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Cash for crash?

Q: I’m considering selling my stocks and keeping the cash in case the market crashes so I can grab some bargains. Is that a good idea?

A: If you sell your stocks and the market does crash, you will have acted brilliantly. But what if the market keeps rising for a good while longer? You’ll miss out on a lot of gains. No one knows what the market will do in the short term. In the long run, it tends to go up.

That said, keep any money you’ll need within the next five (or even 10) years out of stocks, since a crash can happen at any time. But otherwise, it’s often best to remain fully or mostly fully invested, and to try to add to your holdings when it sinks.


Q: I’m intrigued by certain industries. How can I learn enough about them so I can invest in them?

A: Industries vary in their complexities, so some will be easier to understand (retailing, travel, consumer products) than others (biotechnology, financial services). You’ll learn the most by reading broadly. Read many annual reports of companies in the industry, including the comprehensive 10-K reports that detail each company’s successes, challenges and plans. Don’t worry if you don’t immediately understand it all — many concepts will sink in over time.

Your brokerage may have Wall Street analyst reports available for companies of interest.

If you’re serious about developing investing skills, learn more about accounting. Being able to understand financial statements is very valuable.

Stick to what you understand

Dear Fool: I am an energy consultant, and I did some business with Enron. They seldom lost a customer over price. That should have been a heads-up to me. I used to laugh with some other energy managers, wondering how they could make any money. I got the answer a couple of years later, when it turned out that the company wasn’t making as much money as it said it was, and instead was cooking its books.

Unfortunately, scratching my head about how it made money did not stop me from buying Enron stock a couple of times. I leave the remains of the investment on my statement, so I am constantly reminded about it. I hope to never ride a stock to zero again.

The Fool responds: You were far from the only person who fell victim to Enron’s accounting fraud — which was one of the largest in history — and many who lost a lot were not small investors, but Wall Street professionals. A key lesson from this story is to avoid investments that you don’t understand. If you don’t have a good handle on exactly how a company makes its money, steer clear.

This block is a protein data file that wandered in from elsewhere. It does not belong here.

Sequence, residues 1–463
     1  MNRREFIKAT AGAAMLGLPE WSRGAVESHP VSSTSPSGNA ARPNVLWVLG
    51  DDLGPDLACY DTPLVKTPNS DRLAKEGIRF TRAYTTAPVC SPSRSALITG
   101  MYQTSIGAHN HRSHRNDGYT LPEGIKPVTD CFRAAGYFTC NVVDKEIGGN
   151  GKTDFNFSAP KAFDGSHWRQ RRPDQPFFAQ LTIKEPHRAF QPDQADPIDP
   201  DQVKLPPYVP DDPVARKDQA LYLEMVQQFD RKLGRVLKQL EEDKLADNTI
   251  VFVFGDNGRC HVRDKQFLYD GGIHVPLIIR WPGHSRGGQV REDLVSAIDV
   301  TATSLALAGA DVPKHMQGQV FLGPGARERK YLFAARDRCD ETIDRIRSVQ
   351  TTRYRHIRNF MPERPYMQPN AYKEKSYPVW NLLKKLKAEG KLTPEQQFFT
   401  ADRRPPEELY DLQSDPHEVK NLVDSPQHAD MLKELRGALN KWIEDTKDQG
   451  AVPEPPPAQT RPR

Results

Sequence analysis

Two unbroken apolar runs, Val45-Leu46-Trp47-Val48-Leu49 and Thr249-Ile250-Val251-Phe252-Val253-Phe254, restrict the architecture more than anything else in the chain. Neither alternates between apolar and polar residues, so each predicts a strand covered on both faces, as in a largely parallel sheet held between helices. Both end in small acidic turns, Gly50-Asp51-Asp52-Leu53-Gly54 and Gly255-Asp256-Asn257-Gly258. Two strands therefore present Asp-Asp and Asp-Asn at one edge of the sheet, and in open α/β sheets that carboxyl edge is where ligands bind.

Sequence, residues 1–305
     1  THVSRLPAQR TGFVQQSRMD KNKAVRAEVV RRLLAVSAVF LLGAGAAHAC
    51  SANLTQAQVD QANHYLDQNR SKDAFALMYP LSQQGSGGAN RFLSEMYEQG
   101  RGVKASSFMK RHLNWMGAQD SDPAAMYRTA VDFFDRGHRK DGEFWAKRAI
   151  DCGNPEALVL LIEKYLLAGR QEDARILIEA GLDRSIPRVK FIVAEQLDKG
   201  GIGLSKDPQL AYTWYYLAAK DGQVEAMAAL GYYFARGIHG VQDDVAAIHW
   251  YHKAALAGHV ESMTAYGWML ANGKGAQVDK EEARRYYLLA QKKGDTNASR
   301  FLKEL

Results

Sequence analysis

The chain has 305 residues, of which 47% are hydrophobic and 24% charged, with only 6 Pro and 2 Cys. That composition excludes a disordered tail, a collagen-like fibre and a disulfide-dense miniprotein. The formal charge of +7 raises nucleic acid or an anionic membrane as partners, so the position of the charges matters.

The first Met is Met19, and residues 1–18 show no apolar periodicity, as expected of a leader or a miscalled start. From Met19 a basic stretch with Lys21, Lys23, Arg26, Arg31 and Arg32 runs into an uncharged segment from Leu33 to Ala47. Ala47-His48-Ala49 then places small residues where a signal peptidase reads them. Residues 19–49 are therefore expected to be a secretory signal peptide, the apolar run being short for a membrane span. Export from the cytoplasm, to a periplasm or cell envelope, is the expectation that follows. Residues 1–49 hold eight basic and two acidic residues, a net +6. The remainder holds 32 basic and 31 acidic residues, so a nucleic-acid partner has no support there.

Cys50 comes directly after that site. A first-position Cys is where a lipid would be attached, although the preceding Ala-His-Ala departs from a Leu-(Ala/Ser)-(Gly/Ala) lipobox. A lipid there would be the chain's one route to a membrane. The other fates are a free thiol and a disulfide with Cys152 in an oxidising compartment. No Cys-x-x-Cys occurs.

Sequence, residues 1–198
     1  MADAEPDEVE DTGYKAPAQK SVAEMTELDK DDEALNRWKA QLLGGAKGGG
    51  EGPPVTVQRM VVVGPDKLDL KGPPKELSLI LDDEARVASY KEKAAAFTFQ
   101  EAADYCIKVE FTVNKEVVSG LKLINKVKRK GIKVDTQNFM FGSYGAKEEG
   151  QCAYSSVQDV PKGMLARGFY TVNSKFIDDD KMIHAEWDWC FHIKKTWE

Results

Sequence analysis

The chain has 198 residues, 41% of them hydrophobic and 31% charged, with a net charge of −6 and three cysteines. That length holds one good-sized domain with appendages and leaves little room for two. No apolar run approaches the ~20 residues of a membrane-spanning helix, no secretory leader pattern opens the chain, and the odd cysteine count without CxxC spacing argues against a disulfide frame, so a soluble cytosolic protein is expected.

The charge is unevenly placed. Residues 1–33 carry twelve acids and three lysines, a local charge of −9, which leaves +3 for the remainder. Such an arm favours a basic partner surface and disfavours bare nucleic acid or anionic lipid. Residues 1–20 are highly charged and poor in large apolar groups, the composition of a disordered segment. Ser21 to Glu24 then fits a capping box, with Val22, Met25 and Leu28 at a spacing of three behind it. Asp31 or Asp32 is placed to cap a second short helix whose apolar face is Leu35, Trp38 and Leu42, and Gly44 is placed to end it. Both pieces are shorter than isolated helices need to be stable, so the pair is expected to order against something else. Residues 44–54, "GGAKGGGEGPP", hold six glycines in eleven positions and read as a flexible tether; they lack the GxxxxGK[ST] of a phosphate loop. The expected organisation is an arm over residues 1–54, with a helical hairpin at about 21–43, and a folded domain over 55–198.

Enron’s financial statements were known to be very confusing, yet Wall Streeters bought and recommended the shares. The Securities and Exchange Commission and credit-rating agencies also took heat for insufficient oversight and due diligence.

A comely conglomerate

Warren Buffett is widely considered to be one of the best investors in history. The value he has created for Berkshire Hathaway (NYSE: BRK-A) (NYSE: BRK-B) shareholders has become apparent over the past decades, as Berkshire’s collection of wholly owned subsidiaries has expanded, increasing the company’s cash-generating capabilities.

Berkshire’s market value was recently $450 billion, while the value of its stock portfolio was $148 billion at the start of the year. In other words, Berkshire’s nonstock holdings are worth close to $300 billion.

Today’s Berkshire is an amazingly diverse company. Its subsidiaries range across multiple industries, including railways, regulated utilities, insurance, consumer goods and industrial manufacturing. Some of its subsidiaries are GEICO, Benjamin Moore, Brooks, Duracell, Justin Brands, See’s Candies, International Dairy Queen, Fruit of the Loom and the massive BNSF railroad. This combination limits Berkshire’s exposure to any single industry and tempers the effect of weak consumer spending in a recession.

Buffett has built an incredible business. The most amazing thing about it may not be what it has become, but how strong it is set to remain after he’s gone. (The Motley Fool owns shares of and has recommended Berkshire Hathaway.)